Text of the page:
Expat Magazine

Late Bloomers

By Terpsichoral

“This is surely the most unpropitious entrance ever”, The Dark Poetess remarks. “We’ve got even Buenos Aires beat on that one.” The long, straight street is lined with the blank concrete walls and metal shutters of warehouses and factories. There are pavements, but it looks like the kind of street no human being has ever walked down, only driven. If this were Buenos Aires, I would probably not feel safe in a neighbourhood like this. A sign protrudes from an otherwise unremarkable, identical stretch of wall. 1512 it announces cryptically, in blocky black letters against a China white background.

We unlock the door and step into a huge, airy space in half-light. The walls are lined with antique arched wooden doors, studded with brass and trimmed with incongruous white sparkly fairy lights. A crinkly blue drop cloth covers a large square of floor. The Poetess and I lift a corner each and peel it back, creating a satisfying rustling sound and revealing the glossy squares of a dance floor beneath. It’s like a miniature wave, rolling out to sea at low tide, exposing the beach below.

Daddy Cool lifts a remote control in a victory salute and the hall fills with music. The Poetess sits greeting the students who arrive, singly, as Daddy Cool slips a pair of round spectacles in his pocket and takes me out onto the dance floor. His body is deceptively soft in the embrace; his round, shiny head touches mine with the lightest of contacts. I turn my face to look straight over his shoulder, trying to keep my chest touching his as fully as possible, milonguero style. He strides through this music with a lovely confidence: seizing on the more staccato accents, slowing slightly for the legato passages, hovering in brief pauses at the ends of phrases. I don’t need to follow him at all. I just close my eyes, let my body intuitively respond to the directions of his torso, listen to the music and step with a timing suggested more by my own ear than by his guidance.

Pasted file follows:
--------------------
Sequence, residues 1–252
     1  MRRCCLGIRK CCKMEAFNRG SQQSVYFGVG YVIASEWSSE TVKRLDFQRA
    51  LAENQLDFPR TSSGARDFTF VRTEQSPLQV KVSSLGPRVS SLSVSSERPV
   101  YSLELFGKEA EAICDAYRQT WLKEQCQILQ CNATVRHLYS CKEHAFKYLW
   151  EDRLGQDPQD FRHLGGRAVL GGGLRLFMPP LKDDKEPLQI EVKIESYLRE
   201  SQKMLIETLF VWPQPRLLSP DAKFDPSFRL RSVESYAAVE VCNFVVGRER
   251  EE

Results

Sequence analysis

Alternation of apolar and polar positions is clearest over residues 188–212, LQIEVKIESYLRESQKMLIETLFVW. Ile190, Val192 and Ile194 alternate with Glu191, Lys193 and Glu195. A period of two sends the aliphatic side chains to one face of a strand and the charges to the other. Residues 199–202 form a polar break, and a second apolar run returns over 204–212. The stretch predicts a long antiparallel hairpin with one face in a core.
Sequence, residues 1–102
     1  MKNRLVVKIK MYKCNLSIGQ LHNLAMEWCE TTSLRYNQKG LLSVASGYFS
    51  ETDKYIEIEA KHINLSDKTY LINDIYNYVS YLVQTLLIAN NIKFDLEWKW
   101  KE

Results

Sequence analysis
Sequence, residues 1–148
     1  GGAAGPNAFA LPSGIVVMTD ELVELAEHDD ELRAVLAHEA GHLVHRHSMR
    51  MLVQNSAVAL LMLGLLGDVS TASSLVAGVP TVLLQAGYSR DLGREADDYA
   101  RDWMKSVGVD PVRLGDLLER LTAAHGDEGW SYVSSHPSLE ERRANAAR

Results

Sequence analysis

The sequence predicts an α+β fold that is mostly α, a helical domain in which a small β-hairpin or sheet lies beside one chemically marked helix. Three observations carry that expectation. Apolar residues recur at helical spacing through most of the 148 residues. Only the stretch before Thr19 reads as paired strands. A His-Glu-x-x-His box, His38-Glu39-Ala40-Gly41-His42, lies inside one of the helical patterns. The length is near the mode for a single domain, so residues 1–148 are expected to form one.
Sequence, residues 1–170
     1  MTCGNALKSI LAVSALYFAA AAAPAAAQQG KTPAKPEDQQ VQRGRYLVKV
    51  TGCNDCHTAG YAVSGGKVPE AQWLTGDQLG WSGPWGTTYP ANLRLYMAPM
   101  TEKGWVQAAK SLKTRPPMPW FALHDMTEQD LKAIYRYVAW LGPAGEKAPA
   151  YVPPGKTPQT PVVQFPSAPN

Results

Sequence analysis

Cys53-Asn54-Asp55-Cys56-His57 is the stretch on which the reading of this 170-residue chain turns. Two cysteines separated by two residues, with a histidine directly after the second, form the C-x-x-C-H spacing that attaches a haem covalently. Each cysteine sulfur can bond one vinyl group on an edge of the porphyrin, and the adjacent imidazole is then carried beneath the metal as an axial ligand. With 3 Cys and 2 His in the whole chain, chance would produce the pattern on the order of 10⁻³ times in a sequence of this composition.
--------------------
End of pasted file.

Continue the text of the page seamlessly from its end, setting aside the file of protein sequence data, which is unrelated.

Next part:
The students have arrived now: a small group of older men and one woman. The men are gangly and awkward. They are dressed in slightly baggy shirts and loose-fitting chinos, in old-fashioned high-waisted jeans with shirts tucked in over rounded bellies. Shoulder length thinning hair is tied back in ponytails; beards are wispy. Accents have a subtle cowboy twang, a sound that instantly brings to mind cacti and cloud-layered wide desert skies. A bearded terrier with an earnest face and the opulent moustaches of a canine Hercule Poirot sits very upright on a chair, watching class intently, observing as these old dogs learn new tricks.

We begin with some limbering-up exercises in the centre of the room and then Daddy Cool and The Poetess demonstrate a very simple turn with the leader pivoting on both feet. They explain it slowly and patiently, showing the small figure multiple times, quoting the authority of other teachers for many of their technical points (“one important thing we learned”, “we were taught”, “something a teacher said is relevant here”), making the endeavour seem like one continuum of teaching and learning, a constant number line on which we are all points. The Poetess has a face which is very earnest in repose. She is not a promiscuous grinner and her beautiful dark eyes can wear a deceptively forbidding expression but, in the embrace, her facial muscles visibly soften, her eyelids drop a fraction, her cheeks broaden out and her lips widen a little in a Mona Lisa smile. She and Daddy Cool shed at least two decades each when they dance. He looks puckish, mischievous and gleeful and she is strikingly girlish in close embrace.